Maurice Blondel, for example, in his great work L’Action, argued that a phenomenology of the will reveals an exigency and élan inexorably opening out onto the question of the supernatural. Blondel’s work is a restatement, ultimately, of the Augustinian cor inquietum or “restless heart” tradition. He opposed this “method of immanence” to the “extrinsicist” and evidential apologetics of his own day that found no touchstone in human experience. Karl Rahner, for his part, argued at length that there is a dynamic movement of the intellect toward Infinite Being necessarily inscribed in every act of knowing. Consequently, in the actions of human reasoning—the actions defining man as made in God’s image and likeness—one finds an intrinsic link between creature and Creator. Rahner further develops what he calls a “searching Christology” asking these questions: If our whole being is oriented towards God ab ovo, then is it not intelligible that we should seek some message from him? And where should we find this message except in time and history?
The philosophies developed by Blondel and Rahner served not only apologetical purposes but also effectively argued that a Christian anthropology could not accept the Enlightenment notion of an autonomous human nature essentially unrelated to God (an idea leading inexorably to the claim that religion is entirely a matter of private preference). Their own work reflected the patristic understanding, masterfully revivified by Henri de Lubac, that there exists no purely “natural” sphere, only the unicus ordo supernaturalis, the one supernatural order of grace, a position whose implications are vigorously pursued today by the Radical Orthodoxy movement.
Other late twentieth century apologists discussed by Dulles include Hans Urs von Balthasar, who, having learned a great deal from his dialogue with Karl Barth, accented the dangers of anthropological thinking and reacted against Lessing’s “broad, ugly ditch” between necessary truths of reason and contingent historical events. Lessing’s dichotomy represented Idealism at its worst, sanctioning a priori limits on God’s action in history, thereby rendering itself incapable of recognizing Christ as the image of divine love. Resonances of Balthasar’s thought may be found today in Jean-Luc Marion, especially in Marion’s denunciation of those philosophies that reductively and unimaginatively seek to limit the impossible, the excess, the unexpected Gift. Dulles also examines the thought of such eminent apologists as Wolfhart Pannenberg and Richard Swinburne (whose work has surely not received the attention it deserves) as well as the well-known arguments of the Reformed epistemologists. Reference is also made to those engaged in the contemporary debates on Darwinian theory.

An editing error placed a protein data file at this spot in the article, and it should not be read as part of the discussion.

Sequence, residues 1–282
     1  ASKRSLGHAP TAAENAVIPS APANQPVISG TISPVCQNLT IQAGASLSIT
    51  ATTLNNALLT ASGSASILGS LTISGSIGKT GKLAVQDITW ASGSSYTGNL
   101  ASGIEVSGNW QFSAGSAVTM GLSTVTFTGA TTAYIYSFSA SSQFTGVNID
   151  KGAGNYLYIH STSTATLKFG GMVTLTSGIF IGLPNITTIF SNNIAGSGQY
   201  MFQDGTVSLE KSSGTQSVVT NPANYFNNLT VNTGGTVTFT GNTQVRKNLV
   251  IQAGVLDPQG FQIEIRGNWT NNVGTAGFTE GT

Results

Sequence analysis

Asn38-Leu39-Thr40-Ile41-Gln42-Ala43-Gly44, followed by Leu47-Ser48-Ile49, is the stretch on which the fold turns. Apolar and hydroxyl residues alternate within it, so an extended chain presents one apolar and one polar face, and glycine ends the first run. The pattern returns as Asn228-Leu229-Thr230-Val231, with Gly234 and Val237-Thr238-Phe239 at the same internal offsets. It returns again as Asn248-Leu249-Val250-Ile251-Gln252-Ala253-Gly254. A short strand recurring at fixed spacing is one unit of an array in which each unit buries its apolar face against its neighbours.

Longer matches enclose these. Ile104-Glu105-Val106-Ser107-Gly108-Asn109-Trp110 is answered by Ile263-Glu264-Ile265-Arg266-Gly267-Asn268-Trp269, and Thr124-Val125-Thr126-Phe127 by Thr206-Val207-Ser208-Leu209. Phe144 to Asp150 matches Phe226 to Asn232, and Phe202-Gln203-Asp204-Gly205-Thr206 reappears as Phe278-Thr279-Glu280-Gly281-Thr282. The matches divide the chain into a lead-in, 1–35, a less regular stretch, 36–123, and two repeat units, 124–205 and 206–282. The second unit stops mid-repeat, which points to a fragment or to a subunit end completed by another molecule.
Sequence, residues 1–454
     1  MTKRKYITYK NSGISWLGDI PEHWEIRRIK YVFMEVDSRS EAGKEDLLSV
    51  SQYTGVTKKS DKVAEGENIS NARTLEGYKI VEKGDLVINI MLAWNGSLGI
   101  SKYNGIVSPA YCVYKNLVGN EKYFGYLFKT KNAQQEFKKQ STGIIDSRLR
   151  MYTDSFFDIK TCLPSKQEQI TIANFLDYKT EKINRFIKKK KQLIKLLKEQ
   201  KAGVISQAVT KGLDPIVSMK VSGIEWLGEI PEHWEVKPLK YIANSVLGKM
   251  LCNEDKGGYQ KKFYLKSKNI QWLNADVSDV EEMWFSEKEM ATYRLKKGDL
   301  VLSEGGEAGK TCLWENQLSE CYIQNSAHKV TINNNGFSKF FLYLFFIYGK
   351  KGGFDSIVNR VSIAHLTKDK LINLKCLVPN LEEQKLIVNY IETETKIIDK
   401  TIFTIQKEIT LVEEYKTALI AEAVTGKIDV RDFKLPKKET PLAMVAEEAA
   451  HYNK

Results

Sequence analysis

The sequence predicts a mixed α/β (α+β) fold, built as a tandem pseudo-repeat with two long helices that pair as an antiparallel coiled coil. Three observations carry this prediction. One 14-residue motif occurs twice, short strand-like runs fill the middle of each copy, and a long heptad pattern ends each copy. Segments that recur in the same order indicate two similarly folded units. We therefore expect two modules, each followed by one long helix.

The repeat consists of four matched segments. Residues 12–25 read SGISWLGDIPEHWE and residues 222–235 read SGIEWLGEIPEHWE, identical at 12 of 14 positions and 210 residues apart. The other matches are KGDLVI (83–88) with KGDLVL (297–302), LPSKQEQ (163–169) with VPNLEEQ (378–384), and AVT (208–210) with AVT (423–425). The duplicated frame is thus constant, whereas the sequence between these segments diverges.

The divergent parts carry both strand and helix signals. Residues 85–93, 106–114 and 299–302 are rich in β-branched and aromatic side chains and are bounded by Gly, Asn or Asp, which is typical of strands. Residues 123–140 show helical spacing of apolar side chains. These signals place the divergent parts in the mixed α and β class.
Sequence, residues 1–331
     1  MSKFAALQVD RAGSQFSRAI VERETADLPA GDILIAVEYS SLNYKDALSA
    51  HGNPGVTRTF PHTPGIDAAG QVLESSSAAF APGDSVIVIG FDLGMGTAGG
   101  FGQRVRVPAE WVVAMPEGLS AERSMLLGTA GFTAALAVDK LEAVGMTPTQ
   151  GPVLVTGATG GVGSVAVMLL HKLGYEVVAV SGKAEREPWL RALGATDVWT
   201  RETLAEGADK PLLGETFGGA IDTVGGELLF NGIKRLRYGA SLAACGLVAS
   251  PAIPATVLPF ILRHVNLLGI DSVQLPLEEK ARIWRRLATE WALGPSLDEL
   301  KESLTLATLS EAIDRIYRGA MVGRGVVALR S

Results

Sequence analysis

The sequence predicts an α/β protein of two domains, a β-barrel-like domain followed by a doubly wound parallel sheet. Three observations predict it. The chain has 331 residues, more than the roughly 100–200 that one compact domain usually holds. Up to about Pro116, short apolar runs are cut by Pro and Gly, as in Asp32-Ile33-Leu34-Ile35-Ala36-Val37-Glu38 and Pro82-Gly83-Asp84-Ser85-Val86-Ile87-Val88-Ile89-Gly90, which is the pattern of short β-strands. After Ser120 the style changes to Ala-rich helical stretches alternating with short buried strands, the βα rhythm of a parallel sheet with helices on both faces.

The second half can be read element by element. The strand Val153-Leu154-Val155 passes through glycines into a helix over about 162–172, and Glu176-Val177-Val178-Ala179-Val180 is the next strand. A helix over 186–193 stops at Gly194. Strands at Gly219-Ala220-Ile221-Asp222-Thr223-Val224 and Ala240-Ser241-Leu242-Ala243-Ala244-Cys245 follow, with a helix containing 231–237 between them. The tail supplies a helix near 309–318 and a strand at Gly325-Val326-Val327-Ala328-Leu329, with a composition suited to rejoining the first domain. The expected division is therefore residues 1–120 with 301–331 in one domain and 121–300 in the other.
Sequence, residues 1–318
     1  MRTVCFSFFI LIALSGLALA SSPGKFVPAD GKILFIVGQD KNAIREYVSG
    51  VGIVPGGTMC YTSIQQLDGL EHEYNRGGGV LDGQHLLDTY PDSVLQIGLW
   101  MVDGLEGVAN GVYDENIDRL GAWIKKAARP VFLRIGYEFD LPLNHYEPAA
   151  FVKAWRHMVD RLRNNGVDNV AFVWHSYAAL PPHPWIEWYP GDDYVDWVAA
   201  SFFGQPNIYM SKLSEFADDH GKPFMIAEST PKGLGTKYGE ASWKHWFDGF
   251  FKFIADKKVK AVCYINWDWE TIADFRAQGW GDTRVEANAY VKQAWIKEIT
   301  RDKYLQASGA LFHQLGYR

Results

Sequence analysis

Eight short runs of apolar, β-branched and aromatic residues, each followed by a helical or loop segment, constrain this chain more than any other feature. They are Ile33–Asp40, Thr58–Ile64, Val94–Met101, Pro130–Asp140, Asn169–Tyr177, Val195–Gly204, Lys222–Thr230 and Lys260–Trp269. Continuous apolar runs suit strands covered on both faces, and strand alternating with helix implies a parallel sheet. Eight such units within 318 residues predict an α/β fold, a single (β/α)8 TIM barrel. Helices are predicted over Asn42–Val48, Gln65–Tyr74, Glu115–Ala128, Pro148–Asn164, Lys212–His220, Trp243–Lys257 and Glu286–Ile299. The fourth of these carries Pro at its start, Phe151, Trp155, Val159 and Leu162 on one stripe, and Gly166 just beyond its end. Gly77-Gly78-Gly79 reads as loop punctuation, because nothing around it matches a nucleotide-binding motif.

One can see over the course of the book that Cardinal Dulles, while always even-handed in his evaluations, has a certain penchant for those apologists who recognize the complex and elusive chain of events that brings us to the act of faith (rather than those who propose purportedly ironclad rationalistic approaches). And one understands the nature of this attraction. Calculative and demonstrative arguments are rarely convincing since, no matter the probative nature of the logic adduced, they often fail to take account of the anterior subjective attitudes and dispositions of the inquirer. Blaise Pascal, Joseph Butler, and John Henry Newman are preferable, then, to the evidentialists who assume that assent cannot be lacking to right-thinking individuals.
Dulles’ survey indicates that a viable apologetics must combine many different elements: reason and the heart, intellect and the imagination, the objective world and the inner spirit. The most effective apologetics appeals to the mystery that encompasses the entirety of human existence. Indeed, the best apologetics, as the most compelling practitioners of the discipline have understood, speaks to the unbeliever lurking in our own hearts.
When comparing the 1971 text to the latest edition, one sees that very few of Dulles’ earlier judgments are in need of revision, attesting to the strength of the original research. Some light tweaking occurs, on Thomas Aquinas and Newman for example, but one observes no significant shifts of opinion. Other aspects of the text, including footnotes and bibliography, have been brought up to date.
Cardinal Dulles concludes that while apologetics is neither necessary nor sufficient for Christian faith, it is important that believers give reasons for the various challenges made to the intelligibility of their faith. As this magisterial and masterful exposition makes clear, Christianity has consistently developed apologetical approaches for two reasons. One is the essentially conjunctive nature of faith and reason. How is the act of faith always a reasonable act, even if reason alone, absent God’s grace, can never bring one to full-blooded belief? Secondly, the Christian faith possesses a determinate content making specific truth-claims. Its foundational beliefs are understood as properly mediating (invoking here all of the qualifications between human language and divine existence) something of reality itself. Given such positions, apologists through the centuries have rightly taken as their task the development of arguments as to why the extraordinary claims of Christianity are neither repugnant to reason, nor, indeed, without significant and convincing support.
Thomas Guarino is professor of theology at Seton Hall University.